Afraid how the news would affect the political mood of the crowd and the performance of the team. By then the dictatorship had faced an outbreak of protest and responded with a massive backlash. Censorship of the media was intensified. The security services arrested and tortured thousands of opponents. Congress was effectively closed down. The legitimacy of the regime came to rest on supercharged economic growth and a grandiose nationalism that relied on football for its successes.

Producer: Mark Burman.

04Magic And Dreams Are Dead20140529

David Goldblatt unravels the history of Brazil through its obsession with football. In the first half of the 20th Century the beautiful game had helped define the shimmering promise and possibilities of this vast nation but now, after years of dictatorship, rampant inflation and corruption could the bewitching promise of the ball revive a nation?

In 1994, twenty-four years since they had last won, Brazil went to the World Cup under coach under Carlos Alberto Parreira. We will play in the way modern football demands. Magic and dreams are finished in football. We have to combine technique and efficiency.' Magic and dreams looked finished everywhere in Brazilian society in the 1990s. In the years after the end of military rule Brazil began to repair the damage wrought by the dictatorship. Inflation was finally brought under control, but Brazil endured two decades of slow growth, widespread poverty and rising inequality, and a crime wave to match. Brazilian democracy was consolidated and the military seemingly neutered, but it was a highly dysfunctional polity in many ways. Pragmatism and realism could get one elected, they could even win a World Cup, but they came at a cost. In football and politics, legitimacy came to rest on results alone: rouba mas faz - It's ok to steal if you get things done.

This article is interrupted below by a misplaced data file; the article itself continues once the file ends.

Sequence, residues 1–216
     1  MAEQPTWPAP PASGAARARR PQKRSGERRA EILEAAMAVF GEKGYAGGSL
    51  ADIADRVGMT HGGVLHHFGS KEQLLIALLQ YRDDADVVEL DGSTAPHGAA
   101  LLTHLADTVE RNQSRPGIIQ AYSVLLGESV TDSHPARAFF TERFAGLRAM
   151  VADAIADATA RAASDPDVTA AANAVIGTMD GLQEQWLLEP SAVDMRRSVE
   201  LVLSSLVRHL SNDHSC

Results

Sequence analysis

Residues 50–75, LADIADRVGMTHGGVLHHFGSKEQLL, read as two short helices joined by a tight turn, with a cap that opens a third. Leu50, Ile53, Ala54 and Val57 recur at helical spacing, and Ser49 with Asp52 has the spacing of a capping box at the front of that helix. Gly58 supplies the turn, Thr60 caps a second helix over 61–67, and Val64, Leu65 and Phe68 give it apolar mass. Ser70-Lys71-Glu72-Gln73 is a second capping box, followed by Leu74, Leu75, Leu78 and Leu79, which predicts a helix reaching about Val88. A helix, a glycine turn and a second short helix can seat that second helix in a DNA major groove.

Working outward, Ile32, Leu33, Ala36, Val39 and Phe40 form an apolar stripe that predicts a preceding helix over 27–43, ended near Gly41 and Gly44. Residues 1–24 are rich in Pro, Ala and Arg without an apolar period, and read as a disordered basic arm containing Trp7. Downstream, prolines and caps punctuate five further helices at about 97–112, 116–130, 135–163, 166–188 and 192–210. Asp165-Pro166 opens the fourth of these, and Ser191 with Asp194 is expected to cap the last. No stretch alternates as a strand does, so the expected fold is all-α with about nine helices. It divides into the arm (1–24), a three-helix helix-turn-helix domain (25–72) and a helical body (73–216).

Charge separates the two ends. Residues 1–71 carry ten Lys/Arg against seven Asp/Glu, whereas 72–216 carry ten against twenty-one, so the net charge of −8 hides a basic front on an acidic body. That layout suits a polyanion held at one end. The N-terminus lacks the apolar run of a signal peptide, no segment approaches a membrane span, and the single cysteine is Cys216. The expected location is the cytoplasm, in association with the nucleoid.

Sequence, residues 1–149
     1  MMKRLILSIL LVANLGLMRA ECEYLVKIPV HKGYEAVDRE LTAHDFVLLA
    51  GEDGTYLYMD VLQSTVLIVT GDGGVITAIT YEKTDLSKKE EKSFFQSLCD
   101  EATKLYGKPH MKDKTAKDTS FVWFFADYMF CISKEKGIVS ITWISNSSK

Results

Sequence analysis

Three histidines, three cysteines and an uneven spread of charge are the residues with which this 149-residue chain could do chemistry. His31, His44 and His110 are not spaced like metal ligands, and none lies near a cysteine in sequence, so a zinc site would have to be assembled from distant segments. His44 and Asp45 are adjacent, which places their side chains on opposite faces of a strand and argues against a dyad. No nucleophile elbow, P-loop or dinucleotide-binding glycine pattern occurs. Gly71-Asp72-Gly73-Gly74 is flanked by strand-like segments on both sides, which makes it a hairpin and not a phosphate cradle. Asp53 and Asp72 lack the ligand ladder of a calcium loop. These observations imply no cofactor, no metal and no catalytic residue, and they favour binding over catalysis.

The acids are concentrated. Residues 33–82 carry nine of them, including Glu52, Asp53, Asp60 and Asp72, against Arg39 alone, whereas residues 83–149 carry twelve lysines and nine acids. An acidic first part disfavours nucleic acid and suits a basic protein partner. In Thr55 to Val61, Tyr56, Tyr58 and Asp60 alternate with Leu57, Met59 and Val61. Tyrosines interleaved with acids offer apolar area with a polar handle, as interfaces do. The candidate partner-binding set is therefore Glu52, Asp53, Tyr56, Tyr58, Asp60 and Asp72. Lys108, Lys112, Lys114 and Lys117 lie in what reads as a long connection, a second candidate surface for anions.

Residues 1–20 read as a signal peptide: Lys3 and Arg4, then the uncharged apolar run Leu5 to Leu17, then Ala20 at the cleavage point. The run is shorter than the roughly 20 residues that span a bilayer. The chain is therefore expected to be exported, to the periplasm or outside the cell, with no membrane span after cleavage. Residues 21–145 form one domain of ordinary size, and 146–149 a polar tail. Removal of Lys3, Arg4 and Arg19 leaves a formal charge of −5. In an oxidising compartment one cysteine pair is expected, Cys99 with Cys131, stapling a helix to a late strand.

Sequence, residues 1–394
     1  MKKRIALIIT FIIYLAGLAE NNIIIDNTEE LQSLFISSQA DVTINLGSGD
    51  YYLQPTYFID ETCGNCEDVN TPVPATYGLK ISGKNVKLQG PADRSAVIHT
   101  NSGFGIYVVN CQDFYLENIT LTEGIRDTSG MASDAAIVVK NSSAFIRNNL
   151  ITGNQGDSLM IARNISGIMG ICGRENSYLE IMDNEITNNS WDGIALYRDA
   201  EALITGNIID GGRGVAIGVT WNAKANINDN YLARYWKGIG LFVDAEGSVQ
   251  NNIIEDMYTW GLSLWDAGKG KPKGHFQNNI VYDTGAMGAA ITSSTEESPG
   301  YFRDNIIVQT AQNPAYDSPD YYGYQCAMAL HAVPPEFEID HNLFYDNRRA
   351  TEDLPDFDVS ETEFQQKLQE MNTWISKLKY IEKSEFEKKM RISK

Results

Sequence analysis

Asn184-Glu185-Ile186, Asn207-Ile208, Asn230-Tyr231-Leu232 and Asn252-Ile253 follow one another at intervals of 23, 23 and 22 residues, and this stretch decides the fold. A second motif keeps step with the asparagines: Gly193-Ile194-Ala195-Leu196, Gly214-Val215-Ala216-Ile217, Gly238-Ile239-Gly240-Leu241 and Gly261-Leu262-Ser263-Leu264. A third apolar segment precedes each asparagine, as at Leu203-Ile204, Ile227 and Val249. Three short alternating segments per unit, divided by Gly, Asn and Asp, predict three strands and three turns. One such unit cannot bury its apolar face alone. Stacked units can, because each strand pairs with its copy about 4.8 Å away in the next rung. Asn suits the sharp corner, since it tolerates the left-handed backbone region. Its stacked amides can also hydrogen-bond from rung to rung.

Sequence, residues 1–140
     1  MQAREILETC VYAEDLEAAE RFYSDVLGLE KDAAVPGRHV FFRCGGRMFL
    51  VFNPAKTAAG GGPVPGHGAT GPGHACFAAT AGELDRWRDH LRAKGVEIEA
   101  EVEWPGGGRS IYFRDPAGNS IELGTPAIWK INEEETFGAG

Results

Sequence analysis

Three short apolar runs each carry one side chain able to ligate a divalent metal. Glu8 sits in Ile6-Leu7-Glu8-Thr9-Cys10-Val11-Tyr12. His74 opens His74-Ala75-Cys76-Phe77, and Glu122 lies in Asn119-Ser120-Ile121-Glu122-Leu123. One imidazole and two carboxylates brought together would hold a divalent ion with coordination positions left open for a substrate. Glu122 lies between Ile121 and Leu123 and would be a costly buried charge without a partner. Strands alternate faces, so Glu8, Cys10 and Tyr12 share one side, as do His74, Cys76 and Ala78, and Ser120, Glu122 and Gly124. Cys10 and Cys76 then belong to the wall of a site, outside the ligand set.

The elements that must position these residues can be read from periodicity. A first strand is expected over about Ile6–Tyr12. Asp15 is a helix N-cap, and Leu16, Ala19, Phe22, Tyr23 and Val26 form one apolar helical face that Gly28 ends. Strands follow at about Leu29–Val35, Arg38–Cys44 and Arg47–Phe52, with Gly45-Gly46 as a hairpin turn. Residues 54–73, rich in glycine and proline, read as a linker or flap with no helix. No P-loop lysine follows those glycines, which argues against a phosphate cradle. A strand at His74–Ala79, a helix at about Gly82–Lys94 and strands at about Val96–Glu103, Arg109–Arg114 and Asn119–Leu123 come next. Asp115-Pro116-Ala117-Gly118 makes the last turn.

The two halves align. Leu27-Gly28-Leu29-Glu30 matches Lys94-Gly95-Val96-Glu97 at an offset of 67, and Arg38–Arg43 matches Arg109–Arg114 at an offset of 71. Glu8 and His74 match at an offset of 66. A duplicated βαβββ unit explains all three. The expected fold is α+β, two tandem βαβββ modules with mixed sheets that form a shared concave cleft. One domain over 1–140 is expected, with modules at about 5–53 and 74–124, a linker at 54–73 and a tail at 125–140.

Producer: Mark Burman.

05 LASTChronicle Of A Mess Foretold20140530

David Goldblatt ends his exploration of the history of Brazil through its obsessive love of the beautiful game of football with the prospect of this years World Cup haunted by the shadows of last year's mass protests. Did the beautiful game die out there on the pitch or can the nation find any solace on the possibility of triumph with a round ball?

The events of June 2013 in Brazil were the largest wave of social protest the country had ever seen. At their peak demonstrations took place simultaneously in 120 cities. The crowds were overwhelmingly made up of the urban middle classes, a category that stretches from downtown junior officer workers to university professors, who were paying, in their own words, "European taxes to get Mozambiquean services" and despaired of the venality and incompetence of the police and public administration. This had all been the case for some time. Why then should the protests have erupted in June 2013?

What gave rhythm and focus to the protests was the simultaneous staging of the 2013 FIFA Confederations Cup. What allowed the many grievances of the Brazilian public to coalesce into this public wave of outrage were the economic costs and the social impact of staging the 2014 World Cup to come?

Producer: Mark Burman.